What does ‘being safe’ really mean?

I’ve come to my own conclusion that it is less about external preparation and more about finding that unwavering place within..  Connecting to that place, for me, is where I feel ‘safe’.

Also, giving space for my own fears to have room to be acknowledged and then released.

Now, that’s not to say I’m not concerned about radiation poisoning from whatever is to occur in Japan, but I also did some investigation on how far radiation was detected following Chernobyl in 1986.

High amounts were detected in many parts of Southern/Eastern Europe for several days, but eventually began to be dispersed.  Yes, the radiation made its way to the US, but the amount was quite small compared to several hundreds of miles around that plant.

The West coast of the US is over 4500 miles from Japan.  If Fukushima were to turn into Chernobyl, yes, we’d get some measurements, but it would hardly be in comparison to what the people nearby in Japan would experience.

So for me, as an American, that’s a return to a feeling of ‘safe’.  I do feel immense compassion for the Japanese, because even those that are hundreds of miles from Sendai, the emotional stress might be just as impacting as the physical stress.  And not just in this immediate aftermath.  I took an course on health psychology in college that presented a study of the stress levels in residents before and after Three Mile Island in Harrisburg, PA.  After that scare, the stress levels were quite elevated, to be expected.  But 3 months, 6 months, and even a year later, the stress levels were still elevated.  What I took from that study was that the nervous systems of the residents of Three Mile Island had not been brought back to equilibrium.  They still were living in some degree of fear or fight/flight mode.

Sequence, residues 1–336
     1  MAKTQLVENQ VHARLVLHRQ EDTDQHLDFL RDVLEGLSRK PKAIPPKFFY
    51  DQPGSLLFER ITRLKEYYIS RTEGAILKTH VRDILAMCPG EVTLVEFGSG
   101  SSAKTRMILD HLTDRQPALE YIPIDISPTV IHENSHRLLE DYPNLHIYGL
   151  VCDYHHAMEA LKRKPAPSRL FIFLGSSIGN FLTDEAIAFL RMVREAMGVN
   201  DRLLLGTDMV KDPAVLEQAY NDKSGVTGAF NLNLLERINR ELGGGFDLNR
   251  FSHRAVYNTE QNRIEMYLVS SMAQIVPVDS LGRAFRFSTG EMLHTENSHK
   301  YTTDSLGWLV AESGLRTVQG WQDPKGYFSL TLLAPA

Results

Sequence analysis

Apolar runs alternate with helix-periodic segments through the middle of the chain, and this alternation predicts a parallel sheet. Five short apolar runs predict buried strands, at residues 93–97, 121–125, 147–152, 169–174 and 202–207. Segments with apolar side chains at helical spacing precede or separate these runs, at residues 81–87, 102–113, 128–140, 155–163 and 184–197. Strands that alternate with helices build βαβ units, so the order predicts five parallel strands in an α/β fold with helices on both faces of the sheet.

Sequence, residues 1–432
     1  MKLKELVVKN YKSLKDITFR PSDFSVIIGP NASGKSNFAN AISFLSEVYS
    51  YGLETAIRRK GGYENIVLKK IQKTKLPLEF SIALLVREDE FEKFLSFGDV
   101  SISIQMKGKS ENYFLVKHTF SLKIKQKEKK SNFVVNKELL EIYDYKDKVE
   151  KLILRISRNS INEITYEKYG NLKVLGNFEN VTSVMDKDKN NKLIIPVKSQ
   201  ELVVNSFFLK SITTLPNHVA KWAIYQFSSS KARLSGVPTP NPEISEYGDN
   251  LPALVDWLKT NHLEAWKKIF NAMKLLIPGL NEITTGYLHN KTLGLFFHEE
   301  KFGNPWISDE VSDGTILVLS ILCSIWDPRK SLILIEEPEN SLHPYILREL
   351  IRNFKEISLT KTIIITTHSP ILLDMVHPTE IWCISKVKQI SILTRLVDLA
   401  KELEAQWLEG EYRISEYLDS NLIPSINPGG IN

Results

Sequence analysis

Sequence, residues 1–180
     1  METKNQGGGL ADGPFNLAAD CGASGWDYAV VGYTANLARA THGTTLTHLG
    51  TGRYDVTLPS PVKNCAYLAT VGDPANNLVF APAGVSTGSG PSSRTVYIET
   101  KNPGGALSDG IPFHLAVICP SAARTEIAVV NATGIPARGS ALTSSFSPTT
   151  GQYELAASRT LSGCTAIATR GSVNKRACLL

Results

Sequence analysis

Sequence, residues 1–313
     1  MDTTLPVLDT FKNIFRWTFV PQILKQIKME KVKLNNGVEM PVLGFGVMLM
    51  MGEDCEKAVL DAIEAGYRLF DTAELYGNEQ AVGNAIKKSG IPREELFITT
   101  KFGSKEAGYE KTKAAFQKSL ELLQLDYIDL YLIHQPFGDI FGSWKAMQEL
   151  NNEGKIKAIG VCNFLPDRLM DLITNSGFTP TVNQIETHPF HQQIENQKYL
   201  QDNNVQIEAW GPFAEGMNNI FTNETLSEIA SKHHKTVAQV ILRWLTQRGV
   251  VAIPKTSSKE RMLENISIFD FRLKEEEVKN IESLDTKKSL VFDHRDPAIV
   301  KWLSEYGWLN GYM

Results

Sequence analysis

So yes, Japan requires concrete support (food, supplies, advice from scientists, etc.) but also energetic/spiritual support (prayers, sending Reiki, sending light).  And not just during this time, but in the month and years to come.

When I was in New Orleans last year for my book tour, even 5 years after the Katrina disaster, the people I met still very openly talked about where they were when it happened, what occurred to them and their city and their own fears about what was to come.  In counseling, we’d call this ‘collective grief’.

The crisis in Fukushima may be reopening the wounds of Hiroshima for the Japanese, the collective fear reactivated.  I encourage all Reiki practitioners to send light to that level of consciousness as well.

Yes, I’m still interested in being more prepared for an earthquake here in Seattle, but that in itself isn’t the only way to feel ‘safe’.  Emotional and spiritual stability.  Groundedness.  Honoring fear when it crops up, but also giving it space to disperse so that it doesn’t solidify into the nervous system and put our bodies consciously or subconsciously in survival mode.  Making space for healing.

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Article first published as What Does “Being safe” Really Mean? on Technorati.

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